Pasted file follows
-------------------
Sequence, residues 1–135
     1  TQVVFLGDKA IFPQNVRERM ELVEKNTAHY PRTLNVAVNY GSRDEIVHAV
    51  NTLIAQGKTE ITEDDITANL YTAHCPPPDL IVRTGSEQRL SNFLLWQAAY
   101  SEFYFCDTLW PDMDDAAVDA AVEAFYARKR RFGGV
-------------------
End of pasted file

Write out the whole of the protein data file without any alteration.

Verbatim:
Sequence, residues 1–135
     1  TQVVFLGDKA IFPQNVRERM ELVEKNTAHY PRTLNVAVNY GSRDEIVHAV
    51  NTLIAQGKTE ITEDDITANL YTAHCPPPDL IVRTGSEQRL SNFLLWQAAY
   101  SEFYFCDTLW PDMDDAAVDA AVEAFYARKR RFGGV